The derailments of two cargo trains earlier this week are prompting questions about safety precautions for North America's rail systems. They're also spurring debate about whether crude oil shipments have a place on the rails that pass through America's small towns.
More than 60 people were evacuated from their homes in the small town of Montgomery, West Virginia, after a CSX train carrying crude to a refinery derailed and caught fire. One house was destroyed, and the town's drinking water was contaminated by an oil spill.
Less than 48 hours earlier, another oil train traveling through eastern Canada burst into flames when it derailed in a forested area near Timmins, Ontario. The fire was still burning late this week. Rail authorities say the train and the tracks had both been inspected prior to the train departing the depot.
The West Virginia accident occurred during adverse weather that had prompted weather and driving advisories. It is unclear whether the Ontario accident was related to weather issues, although most of the eastern portion of Canada has been experiencing increased snow and ice, prompting travel and weather warnings.
With the increase in crude oil shipments across the U.S. and Canada, some environmental groups are expressing concern about the safety of residents along rail routes. They noted that many areas are unprepared for an accident resulting in oil spills to drinking water or uncontrolled fire, such as the incident that occurred this week in West Virginia. Forest Ethics pointed out that an estimated 25 million Americans live along rail routes that carry crude shipments and that, since 2008, rail shipments have increased by 4,000 percent. Its oil blast zone website provides a map of the crude oil shipments that cross North America, which extend across most states and provinces.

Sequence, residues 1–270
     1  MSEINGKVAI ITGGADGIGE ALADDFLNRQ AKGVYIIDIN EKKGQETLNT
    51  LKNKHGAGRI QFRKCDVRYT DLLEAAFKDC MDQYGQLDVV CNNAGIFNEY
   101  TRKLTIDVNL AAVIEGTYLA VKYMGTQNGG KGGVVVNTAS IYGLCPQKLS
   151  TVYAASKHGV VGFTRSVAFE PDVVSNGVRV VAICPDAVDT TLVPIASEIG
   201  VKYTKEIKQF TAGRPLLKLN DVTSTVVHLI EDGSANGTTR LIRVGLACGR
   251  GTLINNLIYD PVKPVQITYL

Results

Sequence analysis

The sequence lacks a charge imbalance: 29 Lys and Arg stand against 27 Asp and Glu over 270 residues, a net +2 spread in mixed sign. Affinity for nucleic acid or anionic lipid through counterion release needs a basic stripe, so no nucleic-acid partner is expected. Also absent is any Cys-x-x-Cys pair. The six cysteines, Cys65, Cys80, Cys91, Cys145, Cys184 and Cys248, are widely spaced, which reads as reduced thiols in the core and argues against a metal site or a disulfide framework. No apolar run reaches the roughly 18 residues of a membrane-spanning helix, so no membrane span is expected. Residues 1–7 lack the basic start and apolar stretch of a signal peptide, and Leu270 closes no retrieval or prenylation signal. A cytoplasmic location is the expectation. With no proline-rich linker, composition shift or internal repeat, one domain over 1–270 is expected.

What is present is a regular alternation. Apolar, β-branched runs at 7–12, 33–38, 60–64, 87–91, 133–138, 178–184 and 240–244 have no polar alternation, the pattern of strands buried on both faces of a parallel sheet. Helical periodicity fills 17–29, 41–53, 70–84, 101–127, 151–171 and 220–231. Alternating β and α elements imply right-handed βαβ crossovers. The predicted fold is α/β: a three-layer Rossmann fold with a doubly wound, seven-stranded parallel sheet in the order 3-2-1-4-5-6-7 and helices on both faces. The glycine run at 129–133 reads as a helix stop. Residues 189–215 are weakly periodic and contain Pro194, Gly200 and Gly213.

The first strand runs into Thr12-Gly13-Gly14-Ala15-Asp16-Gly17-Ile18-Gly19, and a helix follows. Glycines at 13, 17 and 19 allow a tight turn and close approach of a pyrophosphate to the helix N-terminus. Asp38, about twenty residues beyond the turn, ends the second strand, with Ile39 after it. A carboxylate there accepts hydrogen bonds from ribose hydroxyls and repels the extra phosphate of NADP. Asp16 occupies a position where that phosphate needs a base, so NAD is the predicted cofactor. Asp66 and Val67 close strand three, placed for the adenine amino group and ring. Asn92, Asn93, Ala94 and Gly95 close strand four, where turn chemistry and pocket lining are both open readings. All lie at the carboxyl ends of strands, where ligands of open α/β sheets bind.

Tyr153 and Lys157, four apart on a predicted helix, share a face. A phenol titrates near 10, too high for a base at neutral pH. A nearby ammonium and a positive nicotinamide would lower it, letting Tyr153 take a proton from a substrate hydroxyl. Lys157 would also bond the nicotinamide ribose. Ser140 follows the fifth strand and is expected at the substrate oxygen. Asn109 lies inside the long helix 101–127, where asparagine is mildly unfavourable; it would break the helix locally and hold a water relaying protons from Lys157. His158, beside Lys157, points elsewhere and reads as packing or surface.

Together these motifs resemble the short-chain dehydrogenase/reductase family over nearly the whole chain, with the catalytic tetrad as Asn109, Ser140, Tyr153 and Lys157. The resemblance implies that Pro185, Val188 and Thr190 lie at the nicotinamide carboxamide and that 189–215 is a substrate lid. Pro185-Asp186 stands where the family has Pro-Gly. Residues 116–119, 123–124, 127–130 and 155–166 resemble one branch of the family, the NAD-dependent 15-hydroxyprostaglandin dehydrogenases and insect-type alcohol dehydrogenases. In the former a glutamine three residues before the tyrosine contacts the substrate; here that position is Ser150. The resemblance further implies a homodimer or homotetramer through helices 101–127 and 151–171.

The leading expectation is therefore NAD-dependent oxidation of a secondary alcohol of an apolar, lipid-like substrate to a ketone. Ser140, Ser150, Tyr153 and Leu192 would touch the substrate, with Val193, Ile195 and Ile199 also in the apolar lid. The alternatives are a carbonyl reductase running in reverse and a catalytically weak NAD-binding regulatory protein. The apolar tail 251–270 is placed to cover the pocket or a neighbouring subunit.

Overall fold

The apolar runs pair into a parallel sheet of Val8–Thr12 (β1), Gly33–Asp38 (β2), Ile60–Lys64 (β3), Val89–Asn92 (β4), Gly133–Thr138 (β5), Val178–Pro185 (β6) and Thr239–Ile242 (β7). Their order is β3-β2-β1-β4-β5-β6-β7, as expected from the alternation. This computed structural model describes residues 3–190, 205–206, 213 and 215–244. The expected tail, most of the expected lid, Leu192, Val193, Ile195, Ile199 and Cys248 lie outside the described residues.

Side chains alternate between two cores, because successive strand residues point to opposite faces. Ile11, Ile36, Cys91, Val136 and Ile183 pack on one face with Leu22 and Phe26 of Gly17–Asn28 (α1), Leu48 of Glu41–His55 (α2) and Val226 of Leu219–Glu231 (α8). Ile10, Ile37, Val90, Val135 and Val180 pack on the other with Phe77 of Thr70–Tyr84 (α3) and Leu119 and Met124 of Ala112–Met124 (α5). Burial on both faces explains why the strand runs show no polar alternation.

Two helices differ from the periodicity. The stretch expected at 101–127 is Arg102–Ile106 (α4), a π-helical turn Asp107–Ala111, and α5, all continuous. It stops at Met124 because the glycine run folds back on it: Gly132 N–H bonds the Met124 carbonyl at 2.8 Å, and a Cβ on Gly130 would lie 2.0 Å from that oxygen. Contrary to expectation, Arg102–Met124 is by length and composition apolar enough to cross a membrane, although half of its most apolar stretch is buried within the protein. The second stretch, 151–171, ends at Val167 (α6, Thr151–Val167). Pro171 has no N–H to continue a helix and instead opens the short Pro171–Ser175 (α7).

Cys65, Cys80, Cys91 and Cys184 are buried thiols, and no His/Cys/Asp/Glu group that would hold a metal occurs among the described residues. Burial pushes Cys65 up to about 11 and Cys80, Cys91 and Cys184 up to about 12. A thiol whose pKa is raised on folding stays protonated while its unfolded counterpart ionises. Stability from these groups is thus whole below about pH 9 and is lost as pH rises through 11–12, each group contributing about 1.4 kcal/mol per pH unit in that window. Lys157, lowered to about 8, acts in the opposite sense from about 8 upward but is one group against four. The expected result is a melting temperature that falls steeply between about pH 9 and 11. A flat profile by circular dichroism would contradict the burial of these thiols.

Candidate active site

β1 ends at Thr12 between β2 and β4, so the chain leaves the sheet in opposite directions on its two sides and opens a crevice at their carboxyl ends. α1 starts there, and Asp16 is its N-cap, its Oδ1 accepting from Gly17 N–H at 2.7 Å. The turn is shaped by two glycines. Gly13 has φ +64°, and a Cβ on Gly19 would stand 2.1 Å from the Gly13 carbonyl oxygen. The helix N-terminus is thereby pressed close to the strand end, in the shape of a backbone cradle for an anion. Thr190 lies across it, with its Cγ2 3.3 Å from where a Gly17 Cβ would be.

It is unclear why commercial train traffic that carries flammable cargo is not restricted during adverse weather conditions, such as those West Virginia and Ontario have recently experienced. In Idaho and eastern British Columbia, where adverse conditions commonly restrict travel, train transports are rarely restricted during difficult weather. With many rural areas in the two countries depending on volunteer resources for firefighting or search-and-rescue, some areas have begun to ask if they are adequately prepared to respond to potential derailments. In May 2014, the Department of Transportation stepped up regulations requiring rail operators to advise State Emergency Response Commissions when more than a million gallons will be shipped through their states.
The International Association of Fire Chiefs responded to the announcement by noting that while communications about intended shipments are always helpful for local communities, "such notifications would do little to help local responders adequately prepare for a rail incident."
Although both the U.S. and Canada have promised increased safety regulations to prevent accidents such as last the 2013 devastating rail disaster in Lac Mégantic, Quebec, it would appear that a lot more thought needs to go into safety precautions for transporting North America's most controversial commercial product.
Image credit: Roy Luck
Jan Lee is a former news editor and award-winning editorial writer whose non-fiction and fiction have been published in the U.S., Canada, Mexico, the U.K. and Australia. Her articles and posts can be found on TriplePundit, JustMeans, and her blog, The Multicultural Jew, as well as other publications. She currently splits her residence between the city of Vancouver, British Columbia and the rural farmlands of Idaho.